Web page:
In 2013, Amnesty International released statement regarding Enbridge’s Northern Gateway project explaining Enbridge “ignored crucial protections for Indigenous rights set out in both the Canadian Constitution and international human rights law.” The statement continued “if consultation is based on the premise that the project will proceed regardless, it will not meet the standard of human rights protection required by [law].”
Amnesty’s statement added that “The Supreme Court of Canada have repeatedly stated that there is a mandatory minimum legal duty for governments to carry out meaningful, good faith consultations with Indigenous peoples prior to any decision with the potential to affect their rights” (emphasis added).
Even though these principles have been tested repeatedly at the Supreme Court, they are being rehearsed once again over another industrial project. “Time and time we have to fight, but it is a different day and age now with our understanding. We keep referring back to Section 35 of the Constitution, which is a constitutional responsibility for them to talk to us,” Henry reflects. “Our case is really against the government of Canada for their lack of responsibility.”
The environmental implications are equally concerning, given Line 9’s substantial potential to devastate the land and rivers it crosses. As Henry explains, “The land here in southern Ontario is our spiritual responsibility. The Thames River is one of our major factors, we still hunt, we still fish, we still gather medicines in that region,” adding that other First Nations in the vicinity, even though not directly traversed by Line 9, would be affected by a spill.
Indeed, the prospects for the ecosystems crossed by Line 9 have been cast as dire. Pipeline safety expert Richard Kuprewicz has predicted an over 90% chance of failure in the first 5 years of operation, a statement of risk he does not make lightly or often. And a failure of a line carrying dilbit is demonstrably more devastating than of conventional crude. In short time, bitumen sinks in water, while the condensate used to dilute it evaporates, leaving a toxic cloud.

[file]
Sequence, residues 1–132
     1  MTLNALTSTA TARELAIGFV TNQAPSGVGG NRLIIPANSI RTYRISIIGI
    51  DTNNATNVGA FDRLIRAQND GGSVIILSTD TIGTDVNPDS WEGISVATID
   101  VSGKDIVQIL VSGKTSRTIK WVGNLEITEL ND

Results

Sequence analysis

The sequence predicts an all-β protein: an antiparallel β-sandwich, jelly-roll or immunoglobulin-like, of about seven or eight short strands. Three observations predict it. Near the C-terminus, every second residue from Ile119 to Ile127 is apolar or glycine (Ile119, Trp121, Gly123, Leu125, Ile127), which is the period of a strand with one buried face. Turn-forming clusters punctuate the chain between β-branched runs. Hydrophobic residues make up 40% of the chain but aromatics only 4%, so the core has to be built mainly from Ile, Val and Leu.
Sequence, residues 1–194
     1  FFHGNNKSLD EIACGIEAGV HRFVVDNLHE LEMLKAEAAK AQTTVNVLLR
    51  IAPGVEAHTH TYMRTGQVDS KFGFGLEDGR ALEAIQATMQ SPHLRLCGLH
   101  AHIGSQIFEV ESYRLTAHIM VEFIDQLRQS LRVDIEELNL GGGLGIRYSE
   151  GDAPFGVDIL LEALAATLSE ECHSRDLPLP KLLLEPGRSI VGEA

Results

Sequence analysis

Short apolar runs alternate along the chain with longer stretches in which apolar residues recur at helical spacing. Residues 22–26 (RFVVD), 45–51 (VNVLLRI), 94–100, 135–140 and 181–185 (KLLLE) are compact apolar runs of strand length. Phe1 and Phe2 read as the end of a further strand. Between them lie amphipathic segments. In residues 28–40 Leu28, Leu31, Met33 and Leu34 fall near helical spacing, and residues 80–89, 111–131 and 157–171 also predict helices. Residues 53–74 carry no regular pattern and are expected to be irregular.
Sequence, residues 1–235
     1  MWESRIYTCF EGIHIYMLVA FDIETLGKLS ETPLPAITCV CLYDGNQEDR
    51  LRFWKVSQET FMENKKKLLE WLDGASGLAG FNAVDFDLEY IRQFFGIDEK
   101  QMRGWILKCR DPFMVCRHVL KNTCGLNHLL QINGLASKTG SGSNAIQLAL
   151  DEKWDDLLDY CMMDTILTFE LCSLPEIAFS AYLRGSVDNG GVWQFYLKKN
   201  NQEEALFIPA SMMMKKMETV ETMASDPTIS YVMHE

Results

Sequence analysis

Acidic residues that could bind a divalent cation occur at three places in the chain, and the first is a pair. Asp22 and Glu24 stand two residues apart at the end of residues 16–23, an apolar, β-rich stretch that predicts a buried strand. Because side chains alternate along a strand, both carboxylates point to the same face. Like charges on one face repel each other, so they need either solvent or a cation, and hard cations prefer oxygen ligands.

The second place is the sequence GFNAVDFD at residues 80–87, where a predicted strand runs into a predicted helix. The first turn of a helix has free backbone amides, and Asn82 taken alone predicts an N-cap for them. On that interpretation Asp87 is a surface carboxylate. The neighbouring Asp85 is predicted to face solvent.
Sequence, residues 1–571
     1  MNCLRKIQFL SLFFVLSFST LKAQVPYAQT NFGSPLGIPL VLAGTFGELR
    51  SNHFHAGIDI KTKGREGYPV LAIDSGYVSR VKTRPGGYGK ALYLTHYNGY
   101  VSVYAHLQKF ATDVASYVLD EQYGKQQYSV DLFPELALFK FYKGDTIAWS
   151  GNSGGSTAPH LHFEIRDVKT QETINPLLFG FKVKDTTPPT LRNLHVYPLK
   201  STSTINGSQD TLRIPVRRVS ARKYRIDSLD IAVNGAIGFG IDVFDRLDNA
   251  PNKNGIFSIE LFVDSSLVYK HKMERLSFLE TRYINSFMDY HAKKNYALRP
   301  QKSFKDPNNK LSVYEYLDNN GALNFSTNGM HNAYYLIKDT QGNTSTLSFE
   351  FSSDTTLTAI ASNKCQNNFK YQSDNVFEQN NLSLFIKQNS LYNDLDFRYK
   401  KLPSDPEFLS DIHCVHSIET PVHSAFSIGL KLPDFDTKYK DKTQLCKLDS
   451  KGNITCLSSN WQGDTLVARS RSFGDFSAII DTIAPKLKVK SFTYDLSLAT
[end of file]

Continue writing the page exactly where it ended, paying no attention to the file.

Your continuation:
Immediately, when the condensate—a slurry of chemicals concealed as a proprietary secret used to dilute the bitumen—evaporates, it poses a health risk to anyone in the vicinity.
Line 9 has already suffered at least 35 significant spills in its operational history. The switch to dilbit does not bode well for keeping that number where it is.
Nonetheless, COTTFN remains optimistic. As Henry considers, “What we are seeing is they know the importance of consultation now, and they are a bit worried. That is why we have this case and we have a good chance of winning it.”
In conclusion, Henry states, “When we win this case, it’s going to challenge everybody else who’s trying to do things that will hurt the environment here in our region. We are going to be protectors of our traditional territory and we are going to make the corporations understand that, that they have duties and responsibilities along with the government of Canada.”
Statement pdf: link
Rachel Avery and Dan Kellar (@dankellar) were Intervenors at the Line 9 Hearings and organise in Waterloo Region on the issue – noline9wr.ca